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CATHY WURZER: Consider this. In 2019, the median wealth of Black households in the US was $24,100 compared with $189,100 for white households. There are a lot of factors fueling this gap, including Black women who participate in the workforce at much higher rates than most other women. But Black women currently make 15% less money than white women and 40% less than white men for doing the same work.
Kenya McKnight-Ahad has committed her life to helping Black Minnesota women build and maintain wealth. She's the founder of the Black Women's Wealth Alliance based in North Minneapolis. Kenya, thank you for joining us. By the way, can you pronounce your name for me?
KENYA MCKNIGHT-AHAD: Yes. Kenya McKnight-Ahad. You pronounced it correctly.
CATHY WURZER: Thank you so much. Thank you for being here.
KENYA MCKNIGHT-AHAD: Thanks for having me.
CATHY WURZER: Let's be clear. There is a pay gap between all women and white men, but what is the wealth gap? What is that about? How does it happen?
KENYA MCKNIGHT-AHAD: Well, we know that this dates back to enslavement and the benefit that white Americans had and having close to 200 over 200 years of building wealth ahead of African-Americans, historical Black people, and on the backs of us, right? We know that. And so you have this gap that continues to increase and really hadn't changed much since the 1940s. I think we probably have about maybe a 10% increase since then.
So this gap is about assets, right? It is about land. It is about the stock market. It is about pay and wage. It is about business revenue and growth and markets, and that African-Americans are not able to pass through generations right of our families, of our communities at the same pace and skill as white communities despite our efforts and heavy participation in the workforce and business.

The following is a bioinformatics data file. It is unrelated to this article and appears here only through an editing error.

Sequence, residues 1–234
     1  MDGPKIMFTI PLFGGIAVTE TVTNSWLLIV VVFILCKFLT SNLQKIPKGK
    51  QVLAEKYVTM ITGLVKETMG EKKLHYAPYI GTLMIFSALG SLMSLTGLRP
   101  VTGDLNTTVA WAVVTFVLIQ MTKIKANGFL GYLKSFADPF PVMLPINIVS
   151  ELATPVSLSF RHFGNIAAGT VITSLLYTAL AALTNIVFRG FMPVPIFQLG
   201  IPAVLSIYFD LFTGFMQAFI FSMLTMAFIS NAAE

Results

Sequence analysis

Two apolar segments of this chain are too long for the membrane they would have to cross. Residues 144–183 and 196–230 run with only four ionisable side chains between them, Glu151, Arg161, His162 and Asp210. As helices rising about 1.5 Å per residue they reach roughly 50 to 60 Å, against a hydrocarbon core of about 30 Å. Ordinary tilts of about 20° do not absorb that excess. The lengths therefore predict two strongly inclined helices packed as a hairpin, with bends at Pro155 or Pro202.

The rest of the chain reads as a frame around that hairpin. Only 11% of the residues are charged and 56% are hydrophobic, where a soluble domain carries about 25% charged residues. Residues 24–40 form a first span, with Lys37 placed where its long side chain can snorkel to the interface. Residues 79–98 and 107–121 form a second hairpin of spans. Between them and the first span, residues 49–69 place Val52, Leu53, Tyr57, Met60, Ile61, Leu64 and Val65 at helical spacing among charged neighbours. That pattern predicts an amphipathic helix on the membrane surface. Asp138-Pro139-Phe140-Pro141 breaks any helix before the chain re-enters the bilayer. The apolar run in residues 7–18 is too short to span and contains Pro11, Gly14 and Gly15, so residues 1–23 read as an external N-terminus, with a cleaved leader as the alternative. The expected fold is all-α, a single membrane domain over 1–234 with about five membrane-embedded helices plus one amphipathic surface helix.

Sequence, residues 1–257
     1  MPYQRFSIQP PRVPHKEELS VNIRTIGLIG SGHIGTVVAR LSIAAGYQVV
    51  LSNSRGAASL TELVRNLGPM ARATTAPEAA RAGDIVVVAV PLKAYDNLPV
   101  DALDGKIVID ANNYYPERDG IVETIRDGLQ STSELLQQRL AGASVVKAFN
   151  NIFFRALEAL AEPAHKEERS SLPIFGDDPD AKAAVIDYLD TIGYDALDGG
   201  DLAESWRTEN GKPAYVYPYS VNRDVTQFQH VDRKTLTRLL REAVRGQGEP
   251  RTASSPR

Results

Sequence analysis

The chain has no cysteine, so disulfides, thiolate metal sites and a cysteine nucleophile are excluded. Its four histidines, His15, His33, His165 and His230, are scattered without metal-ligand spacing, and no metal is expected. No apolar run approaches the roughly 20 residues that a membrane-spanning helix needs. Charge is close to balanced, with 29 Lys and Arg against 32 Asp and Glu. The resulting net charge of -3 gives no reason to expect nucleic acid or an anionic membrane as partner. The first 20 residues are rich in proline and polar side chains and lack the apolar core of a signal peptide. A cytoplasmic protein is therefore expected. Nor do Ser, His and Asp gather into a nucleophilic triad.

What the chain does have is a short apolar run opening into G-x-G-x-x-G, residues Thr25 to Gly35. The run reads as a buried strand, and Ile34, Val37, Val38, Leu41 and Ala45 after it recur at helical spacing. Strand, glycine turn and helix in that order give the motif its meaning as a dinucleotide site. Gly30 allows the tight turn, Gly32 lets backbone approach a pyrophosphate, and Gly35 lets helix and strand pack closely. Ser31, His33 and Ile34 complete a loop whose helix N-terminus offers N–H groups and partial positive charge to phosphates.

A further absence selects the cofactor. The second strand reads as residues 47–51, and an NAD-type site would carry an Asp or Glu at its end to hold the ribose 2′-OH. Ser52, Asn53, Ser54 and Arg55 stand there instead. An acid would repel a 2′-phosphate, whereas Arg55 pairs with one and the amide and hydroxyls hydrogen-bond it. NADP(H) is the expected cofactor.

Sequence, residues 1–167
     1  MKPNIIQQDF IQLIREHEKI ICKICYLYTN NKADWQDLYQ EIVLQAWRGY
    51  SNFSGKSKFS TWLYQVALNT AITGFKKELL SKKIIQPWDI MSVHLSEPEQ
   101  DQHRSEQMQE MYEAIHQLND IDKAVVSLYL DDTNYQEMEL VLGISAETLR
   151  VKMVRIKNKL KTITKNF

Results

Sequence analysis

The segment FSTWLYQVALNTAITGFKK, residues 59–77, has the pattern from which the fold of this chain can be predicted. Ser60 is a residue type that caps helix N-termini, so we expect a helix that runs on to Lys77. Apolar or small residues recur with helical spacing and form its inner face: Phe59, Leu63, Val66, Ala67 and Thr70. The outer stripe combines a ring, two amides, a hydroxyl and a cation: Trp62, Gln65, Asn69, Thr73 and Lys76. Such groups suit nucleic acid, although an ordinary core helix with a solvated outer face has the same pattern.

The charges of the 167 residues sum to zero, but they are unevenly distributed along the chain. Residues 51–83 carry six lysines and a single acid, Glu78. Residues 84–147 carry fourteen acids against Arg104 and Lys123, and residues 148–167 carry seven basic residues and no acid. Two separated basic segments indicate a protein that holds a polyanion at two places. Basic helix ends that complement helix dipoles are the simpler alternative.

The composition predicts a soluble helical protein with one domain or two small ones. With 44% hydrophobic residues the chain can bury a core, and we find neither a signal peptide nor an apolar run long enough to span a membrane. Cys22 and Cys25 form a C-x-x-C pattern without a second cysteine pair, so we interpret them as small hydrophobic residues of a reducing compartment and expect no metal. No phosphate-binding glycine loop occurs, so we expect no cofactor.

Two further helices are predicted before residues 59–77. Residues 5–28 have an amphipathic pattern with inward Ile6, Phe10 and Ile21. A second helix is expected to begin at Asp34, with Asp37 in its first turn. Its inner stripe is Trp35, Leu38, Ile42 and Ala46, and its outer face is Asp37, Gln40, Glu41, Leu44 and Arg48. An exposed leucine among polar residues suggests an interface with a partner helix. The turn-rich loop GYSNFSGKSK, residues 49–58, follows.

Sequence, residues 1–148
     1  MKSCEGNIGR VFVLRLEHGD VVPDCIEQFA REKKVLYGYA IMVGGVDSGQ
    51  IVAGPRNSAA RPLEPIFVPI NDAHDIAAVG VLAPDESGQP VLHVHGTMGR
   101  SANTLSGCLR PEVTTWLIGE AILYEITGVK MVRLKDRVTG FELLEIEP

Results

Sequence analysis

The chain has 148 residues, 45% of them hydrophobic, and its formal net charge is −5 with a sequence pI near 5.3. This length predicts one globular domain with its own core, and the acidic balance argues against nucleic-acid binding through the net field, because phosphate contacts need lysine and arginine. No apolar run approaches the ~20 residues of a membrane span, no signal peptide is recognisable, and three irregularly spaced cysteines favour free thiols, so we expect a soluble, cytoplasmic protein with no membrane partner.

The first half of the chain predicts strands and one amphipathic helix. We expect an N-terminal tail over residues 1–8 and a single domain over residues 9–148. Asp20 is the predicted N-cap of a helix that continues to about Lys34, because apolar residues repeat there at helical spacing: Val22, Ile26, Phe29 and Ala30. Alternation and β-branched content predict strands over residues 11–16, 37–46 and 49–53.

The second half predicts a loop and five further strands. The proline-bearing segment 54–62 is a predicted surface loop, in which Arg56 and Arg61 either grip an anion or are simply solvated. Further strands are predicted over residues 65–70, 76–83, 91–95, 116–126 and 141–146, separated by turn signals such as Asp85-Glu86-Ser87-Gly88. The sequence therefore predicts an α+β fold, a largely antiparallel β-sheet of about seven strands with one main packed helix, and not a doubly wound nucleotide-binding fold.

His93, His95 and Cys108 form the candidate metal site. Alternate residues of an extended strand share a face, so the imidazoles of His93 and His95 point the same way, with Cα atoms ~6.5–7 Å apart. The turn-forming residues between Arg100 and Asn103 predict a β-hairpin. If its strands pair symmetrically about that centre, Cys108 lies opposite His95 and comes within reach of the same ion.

CATHY WURZER: Paint us a picture. What are Black women up against in terms of building and maintaining wealth here in Minnesota?
KENYA MCKNIGHT-AHAD: Well, when you have nearly 80% of Black women despite our marital status-- and I am talking more specifically about what I call historical Black women that are really non-immigrant. Black women, although they certainly have a set of challenges as well, we just have our own unique experience because we're starting from this historical despair of this land and the United States, given the history we have with the United States and white America.
So in that, when you have nearly 80% of us being the primary breadwinners of our households, despite our marital status, which is not equally met with pay, as you mentioned early on, enough economic opportunity to provide for yourself, and when you have over 50% of Black African-American children starting their lives in poverty, then you have a whole, what I call, economic tsunami. And that Black women are climbing up this difficult hill without real access to growing their income in significant ways that would help them stabilize their households and their families.
Because we are contributors, and we pretty much influence the money in our community at least by 60% despite, again, marital status. When you have that and when you also have mounting credit challenges and not meeting the financial criteria of character, spending and income that banks require for capital for your businesses, there's so many thresholds that we're trying to meet. But meeting these requirements require money to pay for debt, to manage debt, and to establish assets in order to enter the financial system at a level that would really help you begin to build your company, one, and grow wealth.